After a rough game last year, the Class of 2017 took out its frustration on the Class of 2018, winning this year’s annual Powderpuff game 13-6
Photos by Hunter Edwards
By Jed Howell
By Squall Staff
The Dexter field hockey team defeated Ann Arbor Huron 2-1 in overtime on Thursday to advance to Saturday’s Division 1 title game.
Thanks to @bcheezit, we have video of Emma Tamer’s game-winning goal.
Dexter will play Ann Arbor Pioneer in the championship game. Dexter lost to Pioneer in last year’s semifinals.
Pioneer is looking to win its third straight Division 1 championship. Dexter is looking to win its second in theee years (Dexter won the 2014 Division 2 championship).
“Our team goal is to be the best ranked Dexter water polo team ever, which is fourth in the state,” senior Alex Janosi said. Janosi is in his third full year on varsity and is a co-captain. As the season progresses, Janosi realizes this season could be his last year playing water polo as he is undecided about what the future will hold. “I really want to make the most of what we have this year; we have a lot of skill,” he said. Janosi and the rest of his team are excited to see if they reach the “best team ever” goal.
For most people, being the best on their team is the goal. Not for senior runner Jack Shelley. “I would really like to be top twenty in the state,” he said. Shelley, now 30th in the state, has been running since he was young and has been running for Dexter since freshman year. However, Shelley doesn’t plan to stop running af ter graduation. “It’s a deal breaker if I can’t run at a school after high school,” he said.
Annette Schultz started swimming at the age of six and started USA swimming at 10. Since then, Schultz has held state records during her three years of varsity swimming and was named Michigan High School Swimmer of the Year for the 2015-2016 school year. As Schultz’s high school career comes to an end, the process of college searching has begun. “I have a few colleges in mind,” Schultz said. “Right now I’m just trying to keep my options open.”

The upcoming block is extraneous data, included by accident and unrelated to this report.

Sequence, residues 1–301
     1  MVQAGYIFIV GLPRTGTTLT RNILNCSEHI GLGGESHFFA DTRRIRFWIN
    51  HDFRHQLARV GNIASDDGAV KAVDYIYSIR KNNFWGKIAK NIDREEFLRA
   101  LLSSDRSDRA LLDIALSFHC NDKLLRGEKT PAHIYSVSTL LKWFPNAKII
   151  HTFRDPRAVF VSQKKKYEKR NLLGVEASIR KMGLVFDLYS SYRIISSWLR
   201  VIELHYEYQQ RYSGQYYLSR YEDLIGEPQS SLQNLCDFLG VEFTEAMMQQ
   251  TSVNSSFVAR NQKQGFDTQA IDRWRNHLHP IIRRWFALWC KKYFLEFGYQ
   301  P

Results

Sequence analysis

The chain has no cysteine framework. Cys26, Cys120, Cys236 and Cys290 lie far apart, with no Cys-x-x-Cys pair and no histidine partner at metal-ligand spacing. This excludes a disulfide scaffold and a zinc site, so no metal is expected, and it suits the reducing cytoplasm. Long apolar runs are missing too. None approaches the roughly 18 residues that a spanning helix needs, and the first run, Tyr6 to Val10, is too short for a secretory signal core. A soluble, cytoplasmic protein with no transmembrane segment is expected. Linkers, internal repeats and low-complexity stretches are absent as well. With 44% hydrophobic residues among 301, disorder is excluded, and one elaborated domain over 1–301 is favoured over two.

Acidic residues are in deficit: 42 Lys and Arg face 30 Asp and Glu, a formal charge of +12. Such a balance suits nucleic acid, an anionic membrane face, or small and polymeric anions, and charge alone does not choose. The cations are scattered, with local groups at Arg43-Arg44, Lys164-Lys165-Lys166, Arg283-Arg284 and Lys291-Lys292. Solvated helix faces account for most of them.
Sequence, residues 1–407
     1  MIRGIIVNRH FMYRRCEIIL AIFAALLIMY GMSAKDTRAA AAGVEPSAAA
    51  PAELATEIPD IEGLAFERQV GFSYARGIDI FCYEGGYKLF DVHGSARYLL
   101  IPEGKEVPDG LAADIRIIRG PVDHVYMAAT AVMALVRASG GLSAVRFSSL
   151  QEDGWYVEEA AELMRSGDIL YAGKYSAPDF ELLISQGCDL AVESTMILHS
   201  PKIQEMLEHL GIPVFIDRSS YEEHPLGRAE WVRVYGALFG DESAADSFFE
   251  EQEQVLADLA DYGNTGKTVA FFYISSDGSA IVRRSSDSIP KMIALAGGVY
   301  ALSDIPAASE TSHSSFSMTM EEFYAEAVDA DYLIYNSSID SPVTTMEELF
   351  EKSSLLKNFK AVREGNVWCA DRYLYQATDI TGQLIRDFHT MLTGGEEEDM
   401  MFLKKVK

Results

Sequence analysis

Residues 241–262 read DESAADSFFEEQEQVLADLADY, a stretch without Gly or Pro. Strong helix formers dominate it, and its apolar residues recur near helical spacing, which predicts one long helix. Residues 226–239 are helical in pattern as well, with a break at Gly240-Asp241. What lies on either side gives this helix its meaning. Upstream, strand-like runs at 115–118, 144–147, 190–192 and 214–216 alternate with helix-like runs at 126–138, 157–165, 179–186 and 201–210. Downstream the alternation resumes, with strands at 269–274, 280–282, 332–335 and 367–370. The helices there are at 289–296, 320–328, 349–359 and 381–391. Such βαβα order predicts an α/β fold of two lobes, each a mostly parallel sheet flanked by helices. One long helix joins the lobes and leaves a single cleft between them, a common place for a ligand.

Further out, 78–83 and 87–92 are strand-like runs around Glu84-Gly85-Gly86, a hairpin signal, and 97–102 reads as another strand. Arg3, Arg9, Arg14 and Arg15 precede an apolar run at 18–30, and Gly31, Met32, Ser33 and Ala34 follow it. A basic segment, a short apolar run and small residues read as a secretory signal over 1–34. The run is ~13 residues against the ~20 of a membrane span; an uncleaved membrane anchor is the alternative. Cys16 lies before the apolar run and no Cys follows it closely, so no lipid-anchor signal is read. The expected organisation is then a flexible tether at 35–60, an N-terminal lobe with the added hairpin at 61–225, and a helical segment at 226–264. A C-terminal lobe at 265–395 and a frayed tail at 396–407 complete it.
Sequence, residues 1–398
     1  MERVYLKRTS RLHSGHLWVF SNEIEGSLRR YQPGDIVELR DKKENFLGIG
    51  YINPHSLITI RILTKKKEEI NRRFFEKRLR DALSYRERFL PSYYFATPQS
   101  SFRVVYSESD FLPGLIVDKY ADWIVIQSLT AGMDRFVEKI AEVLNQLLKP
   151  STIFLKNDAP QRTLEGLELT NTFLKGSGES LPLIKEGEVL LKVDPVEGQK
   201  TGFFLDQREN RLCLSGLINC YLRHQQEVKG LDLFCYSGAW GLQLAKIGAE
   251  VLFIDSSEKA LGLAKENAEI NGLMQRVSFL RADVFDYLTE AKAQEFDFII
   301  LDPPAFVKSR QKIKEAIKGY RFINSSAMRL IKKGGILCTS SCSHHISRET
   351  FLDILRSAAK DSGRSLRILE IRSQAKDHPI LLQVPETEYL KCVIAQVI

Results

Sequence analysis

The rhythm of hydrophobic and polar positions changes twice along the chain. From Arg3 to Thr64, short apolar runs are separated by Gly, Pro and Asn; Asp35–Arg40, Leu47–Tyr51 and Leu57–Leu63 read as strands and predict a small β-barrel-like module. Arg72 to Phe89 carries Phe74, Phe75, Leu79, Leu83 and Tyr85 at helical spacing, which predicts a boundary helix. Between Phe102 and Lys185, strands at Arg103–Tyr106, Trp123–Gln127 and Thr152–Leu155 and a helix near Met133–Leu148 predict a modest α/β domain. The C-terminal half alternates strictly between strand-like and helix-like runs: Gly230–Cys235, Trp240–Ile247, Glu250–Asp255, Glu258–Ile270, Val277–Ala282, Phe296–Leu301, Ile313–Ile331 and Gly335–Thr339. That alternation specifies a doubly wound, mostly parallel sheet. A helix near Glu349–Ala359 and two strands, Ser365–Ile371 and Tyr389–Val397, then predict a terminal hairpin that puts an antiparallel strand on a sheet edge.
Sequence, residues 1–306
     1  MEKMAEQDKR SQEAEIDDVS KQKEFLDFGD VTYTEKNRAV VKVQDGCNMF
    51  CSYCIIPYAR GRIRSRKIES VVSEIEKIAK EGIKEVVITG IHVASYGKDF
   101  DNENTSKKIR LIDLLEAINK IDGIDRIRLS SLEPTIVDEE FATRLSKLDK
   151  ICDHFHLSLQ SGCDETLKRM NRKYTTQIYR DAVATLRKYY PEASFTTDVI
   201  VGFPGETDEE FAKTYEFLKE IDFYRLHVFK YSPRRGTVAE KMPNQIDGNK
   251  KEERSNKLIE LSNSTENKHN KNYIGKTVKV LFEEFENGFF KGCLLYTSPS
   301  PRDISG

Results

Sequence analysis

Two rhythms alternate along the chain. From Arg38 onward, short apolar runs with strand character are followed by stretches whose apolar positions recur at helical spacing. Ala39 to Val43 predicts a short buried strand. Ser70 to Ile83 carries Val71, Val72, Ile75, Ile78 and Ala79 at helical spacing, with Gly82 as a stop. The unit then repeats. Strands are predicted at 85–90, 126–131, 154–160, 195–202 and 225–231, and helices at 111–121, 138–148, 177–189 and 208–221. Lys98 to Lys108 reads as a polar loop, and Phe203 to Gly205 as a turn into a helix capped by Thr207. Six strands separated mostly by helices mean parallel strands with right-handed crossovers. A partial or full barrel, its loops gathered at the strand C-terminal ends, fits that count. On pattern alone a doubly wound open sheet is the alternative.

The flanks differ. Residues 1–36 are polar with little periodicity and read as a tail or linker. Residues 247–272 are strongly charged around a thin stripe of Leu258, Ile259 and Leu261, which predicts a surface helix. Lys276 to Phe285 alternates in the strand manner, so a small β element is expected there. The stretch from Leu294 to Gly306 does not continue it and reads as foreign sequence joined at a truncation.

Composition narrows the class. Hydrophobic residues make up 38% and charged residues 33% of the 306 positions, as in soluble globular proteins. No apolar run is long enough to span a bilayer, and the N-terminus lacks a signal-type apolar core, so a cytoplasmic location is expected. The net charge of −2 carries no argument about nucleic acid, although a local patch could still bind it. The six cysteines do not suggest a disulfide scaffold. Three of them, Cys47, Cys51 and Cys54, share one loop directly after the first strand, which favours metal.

After not playing football since the eighth grade, junior Nick Fileccia is hopeful that his return can help the Dexter football team. Nick hasn’t let his time off slow him down: “My goal is to have the most touchdowns,” he said. So far, Fileccia has scored three touchdowns and is pushing to get more. Watch for Fileccia, No. 13, on Friday nights.
This season, the Dreads have shown improvement through six games. What has been the constant downfall of the team is the lack of personnel, which has caused players to get tired as the games have progressed. The Dreads still have a positive outlook despite the 0-6 record: “Every week before a game we try and put together quality practices,” senior Seamus McCurren said. “We had a good week of practice before Tecumseh and managed to get into the redzone four times in the first half.”
The Boys Soccer team is a main contender for the SEC White division this year. With a record of 14-4-1 (7-2 in conference play), the Dreads like their odds to compete in districts and beyond. After defeating Chelsea 2-1, senior Austin Graham said, “I have confidence in my team this year. I think we can win states.”
The cross country team took 3rd in the most recent divisional meet and is looking to improve and win the the next one. “We are a very young team with a strong brotherhood,” senior Tyrus Wood said. “We are looking to bring home a big victory at the end of the season and do better than we did last year at the state meet in November.”